Why Are Christians So Afraid Of Subjective Moral Reasoning?

There are no moral absolutes, it’s all relative, and whatever “works for you is fine for you but what works for me is something completely different” may be as close as contemporary culture gets to what it regards as a “truth” that always and everywhere applies.

Christian apologist Ravi Zacharias was asked the question posed in the headline above and it’s one of particular relevance to men and women working on Capitol Hill. Do not miss Zacharias’ opening response to his questioner.

The belief that all truth is relative may be the most tragic misconception in all of human history. As Zacharias points out, it certainly was at the heart of the genocidal ideologies — Soviet and Chinese Marxism, Germany’s Nazism, Italian Fascism — that made the 20th century the bloodiest 100 years ever.

That should tell us something — truth is not found in ideologies, regardless whether they come from either end of the political spectrum.

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Author: Mark Tapscott

Follower of Christ, devoted husband of Claudia, doting father and grandfather, conservative lover of liberty, journalist and First Amendment fanatic, former Hill and Reagan aide, vintage Formula Ford racer, Okie by birth/Texan by blood/proud of both, resident of Maryland. Go here: https://hillfaith.blog/about-hillfaith-2/

4 thoughts on “Why Are Christians So Afraid Of Subjective Moral Reasoning?”

  1. The political spectrum consist of the tyranny of control on the extreme left and anarchy on the extreme right. Put another way, it’s 100% control by govt. (dictator, oligarchy, monarchy) on the extreme left versus 0% govt. control on the extreme right, All isms are leftists in nature. Freedom of the individual, as laid out in the Constitution, is somewhere on the center right .


  2. Who says that personal autonomy, self-reliant defense of home-and-family, modest (if not humble) awareness of one’s intellectual, moral, spiritual limitations, is in any wise “subjective”?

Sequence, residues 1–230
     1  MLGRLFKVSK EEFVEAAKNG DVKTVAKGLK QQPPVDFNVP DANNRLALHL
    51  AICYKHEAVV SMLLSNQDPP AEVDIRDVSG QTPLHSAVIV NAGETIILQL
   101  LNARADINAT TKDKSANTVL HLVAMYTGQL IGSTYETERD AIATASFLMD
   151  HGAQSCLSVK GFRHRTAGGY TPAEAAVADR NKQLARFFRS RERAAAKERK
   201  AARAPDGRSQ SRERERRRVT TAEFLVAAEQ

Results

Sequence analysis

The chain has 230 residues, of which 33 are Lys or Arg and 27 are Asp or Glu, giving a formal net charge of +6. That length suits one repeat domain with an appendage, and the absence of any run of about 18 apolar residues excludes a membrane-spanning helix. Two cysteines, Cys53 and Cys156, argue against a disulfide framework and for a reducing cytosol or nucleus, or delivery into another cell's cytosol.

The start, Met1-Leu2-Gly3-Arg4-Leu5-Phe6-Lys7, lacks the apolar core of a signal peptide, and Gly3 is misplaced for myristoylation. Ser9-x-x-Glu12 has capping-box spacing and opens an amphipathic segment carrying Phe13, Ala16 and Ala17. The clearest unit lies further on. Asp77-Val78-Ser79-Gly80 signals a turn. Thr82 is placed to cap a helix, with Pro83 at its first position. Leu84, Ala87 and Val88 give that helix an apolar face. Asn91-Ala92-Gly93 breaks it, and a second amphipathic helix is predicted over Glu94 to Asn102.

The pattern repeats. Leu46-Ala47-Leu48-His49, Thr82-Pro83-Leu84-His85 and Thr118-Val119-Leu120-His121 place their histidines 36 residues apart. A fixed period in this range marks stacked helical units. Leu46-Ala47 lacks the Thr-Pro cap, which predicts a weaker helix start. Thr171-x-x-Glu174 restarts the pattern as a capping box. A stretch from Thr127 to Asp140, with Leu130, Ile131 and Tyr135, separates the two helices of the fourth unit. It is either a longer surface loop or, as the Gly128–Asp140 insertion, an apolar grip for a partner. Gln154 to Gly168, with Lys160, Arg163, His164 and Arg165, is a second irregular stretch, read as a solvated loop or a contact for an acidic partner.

Who says that Grand Theft of anyone’s legitimate earnings, for any purpose than to commensurately benefit that individual through a peaceable and prosperous, secure societal milieu, is anything but rank, self-serving despotism on behalf of Statist sociopaths?

    Above all, who denies that “whenever any Form of Government becomes destructive of these ends, it is the Right of the People to alter or to abolish it, and to institute new Government, laying its foundation on such principles and organizing its powers in such form, as to them shall seem most likely to effect their Safety and Happiness” (Jefferson)?

    For some three decades now, if not before, all citizens –by no means just ecumenical Christians– devoted to socio-political First Principles have seen Deconstructed Relativism’s locomotive steaming open-throttle down its one-way track to Armageddon. The real question is, “How can anyone of sense-and-sensibility not see that, flag-waving at the crossroads, he will be this Death Train’s first onrushing casualty”?


  3. In this comment, i do not intend to address the issue of moral relativism one way or the other: all what i want to say is that the Tapscott/Zacharias argument against moral relativism is very weak. (Saying that an argument against X is weak, does not imply that X is correct.)

    Why is the Tapscott/Zacharias argument* weak?
    Because it is hard to believe that Lenin, Stalin, Hitler, Mao** were moral relativists! In reality, they were the most fanatical and dogmatic leaders of their times.
    As Chesterton said: When people stop believing in God, they don’t believe in nothing — they believe in anything.

    * which actually goes back a long way.
    ** and Mussolini, if he counts, though he looks insignificant by comparison.


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